Joint euro bonds: the inconvenient truth
German Chancellor Angela Merkel and French President Nicolas Sarkozy kept a distance from the idea of a common sovereign euro zone bond on this week, with France hinting only that it could be a possibility in the very distant future.
But a Reuters poll shows a growing field of investors and economists say a common bond issuance would be the best — and perhaps the only — way of solving the debt crisis. In theory, it would allow highly indebted euro zone countries to regain access to commercial markets, while providing investors a safeguard through joint liability.
More than that, those analysts think Europe’s leaders may soon have to bow down to market pressures and issue a common bond as soon as 2012 or 2013.
It wouldn’t be the first time that policymakers caved to the markets.
In early August, after the European Central Bank looked like it would resume its Securities Markets Programme only to buy Portuguese and Irish bonds, one trader said:
“What’s going to stop us attacking Spain and Italy over the summer months? Because I can’t think of anything.”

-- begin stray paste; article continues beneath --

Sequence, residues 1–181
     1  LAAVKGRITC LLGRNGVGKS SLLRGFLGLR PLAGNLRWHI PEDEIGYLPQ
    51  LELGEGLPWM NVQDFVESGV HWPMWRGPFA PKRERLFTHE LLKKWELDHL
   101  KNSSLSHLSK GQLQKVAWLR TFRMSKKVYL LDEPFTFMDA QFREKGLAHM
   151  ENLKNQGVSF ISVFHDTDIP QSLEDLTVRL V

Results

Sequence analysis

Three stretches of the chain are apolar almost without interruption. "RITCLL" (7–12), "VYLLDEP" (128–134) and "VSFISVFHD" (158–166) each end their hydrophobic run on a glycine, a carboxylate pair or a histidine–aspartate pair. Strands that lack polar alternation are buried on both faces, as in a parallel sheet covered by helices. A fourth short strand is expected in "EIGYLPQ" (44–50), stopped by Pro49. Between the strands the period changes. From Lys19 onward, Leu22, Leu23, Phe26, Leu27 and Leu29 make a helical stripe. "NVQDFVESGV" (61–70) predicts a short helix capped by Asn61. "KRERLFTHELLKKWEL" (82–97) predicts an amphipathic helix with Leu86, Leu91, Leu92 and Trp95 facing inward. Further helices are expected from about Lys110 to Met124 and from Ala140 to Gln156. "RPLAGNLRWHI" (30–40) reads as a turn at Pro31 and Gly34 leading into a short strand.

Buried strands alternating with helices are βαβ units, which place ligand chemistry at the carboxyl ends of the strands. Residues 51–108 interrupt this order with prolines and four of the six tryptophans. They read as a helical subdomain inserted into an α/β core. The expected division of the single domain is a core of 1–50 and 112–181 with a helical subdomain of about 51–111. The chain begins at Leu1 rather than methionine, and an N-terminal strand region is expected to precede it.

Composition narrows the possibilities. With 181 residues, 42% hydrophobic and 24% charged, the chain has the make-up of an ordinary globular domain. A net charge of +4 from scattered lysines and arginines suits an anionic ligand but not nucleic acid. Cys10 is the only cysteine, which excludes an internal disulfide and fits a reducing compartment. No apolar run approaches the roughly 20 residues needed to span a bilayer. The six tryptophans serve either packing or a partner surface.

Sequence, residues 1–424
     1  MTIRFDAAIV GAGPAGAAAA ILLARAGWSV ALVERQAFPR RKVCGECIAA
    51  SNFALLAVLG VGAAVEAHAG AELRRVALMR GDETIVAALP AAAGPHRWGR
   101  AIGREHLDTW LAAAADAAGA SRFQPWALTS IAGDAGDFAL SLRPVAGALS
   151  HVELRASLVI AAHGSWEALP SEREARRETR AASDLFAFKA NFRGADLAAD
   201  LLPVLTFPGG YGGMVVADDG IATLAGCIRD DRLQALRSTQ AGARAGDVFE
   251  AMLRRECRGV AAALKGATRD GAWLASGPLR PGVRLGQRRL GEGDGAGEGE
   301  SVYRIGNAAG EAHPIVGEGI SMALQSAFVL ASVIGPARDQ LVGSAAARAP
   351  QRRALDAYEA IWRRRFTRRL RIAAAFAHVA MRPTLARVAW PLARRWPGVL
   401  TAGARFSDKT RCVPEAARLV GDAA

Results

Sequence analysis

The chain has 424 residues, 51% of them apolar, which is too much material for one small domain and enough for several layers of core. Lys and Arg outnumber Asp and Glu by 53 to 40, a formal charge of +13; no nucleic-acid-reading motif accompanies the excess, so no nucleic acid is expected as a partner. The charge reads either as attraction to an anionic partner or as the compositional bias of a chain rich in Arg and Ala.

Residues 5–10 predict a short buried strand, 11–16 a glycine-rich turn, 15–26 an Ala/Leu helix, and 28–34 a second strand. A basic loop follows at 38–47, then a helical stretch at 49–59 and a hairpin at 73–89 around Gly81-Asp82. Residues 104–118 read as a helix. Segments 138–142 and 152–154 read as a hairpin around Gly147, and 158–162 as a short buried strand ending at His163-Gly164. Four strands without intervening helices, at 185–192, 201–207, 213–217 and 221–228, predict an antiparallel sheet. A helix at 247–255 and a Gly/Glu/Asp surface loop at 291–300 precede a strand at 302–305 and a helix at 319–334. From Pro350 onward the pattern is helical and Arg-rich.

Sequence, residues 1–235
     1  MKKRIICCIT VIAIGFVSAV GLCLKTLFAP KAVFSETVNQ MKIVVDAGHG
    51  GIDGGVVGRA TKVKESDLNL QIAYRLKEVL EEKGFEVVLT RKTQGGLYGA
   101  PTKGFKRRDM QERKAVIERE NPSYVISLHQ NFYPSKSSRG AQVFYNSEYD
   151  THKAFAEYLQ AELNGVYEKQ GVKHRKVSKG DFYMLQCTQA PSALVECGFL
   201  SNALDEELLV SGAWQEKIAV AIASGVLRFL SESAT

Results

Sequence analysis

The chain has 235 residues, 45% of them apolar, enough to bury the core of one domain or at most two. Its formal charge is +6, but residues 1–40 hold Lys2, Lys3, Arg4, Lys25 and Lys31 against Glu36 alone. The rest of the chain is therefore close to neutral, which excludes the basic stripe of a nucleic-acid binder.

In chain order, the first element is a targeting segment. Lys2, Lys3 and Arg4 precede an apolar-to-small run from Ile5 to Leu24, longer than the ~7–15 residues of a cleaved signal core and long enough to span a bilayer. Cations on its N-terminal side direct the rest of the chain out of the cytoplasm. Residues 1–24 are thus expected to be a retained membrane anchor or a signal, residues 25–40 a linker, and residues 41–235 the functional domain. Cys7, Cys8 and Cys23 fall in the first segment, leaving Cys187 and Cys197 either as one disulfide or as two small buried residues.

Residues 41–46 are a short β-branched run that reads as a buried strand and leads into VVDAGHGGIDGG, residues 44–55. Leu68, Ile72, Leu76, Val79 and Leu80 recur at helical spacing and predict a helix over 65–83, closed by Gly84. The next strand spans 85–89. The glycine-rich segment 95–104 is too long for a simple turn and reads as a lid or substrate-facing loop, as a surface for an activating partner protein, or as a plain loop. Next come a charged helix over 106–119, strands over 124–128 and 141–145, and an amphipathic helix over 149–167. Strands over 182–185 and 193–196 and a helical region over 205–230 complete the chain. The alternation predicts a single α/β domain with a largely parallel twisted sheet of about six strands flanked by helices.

And so it turned out. Italian and Spanish bond yields continued to rise above 6 percent towards levels beyond which investors expected funding costs to become unsustainable. Some weeks later, the ECB caved and began to buy Italian and Spanish debt in the secondary market.
Now some 41 out of 59 economists polled by Reuters said a common euro zone sovereign bond would be a good long-term solution to resolving the crisis, with 36 out of 60 analysts expecting euro zone leaders to eventually agree to its issuance. A majority of those analysts expected the first issuance over the next two years.
Matteo Regesta, a rate strategist at BNP Paribas summed up nicely the tendency for policymakers to eventually give in to the market:
“Sometimes the market is the discipline of policy which often is behind the curve.”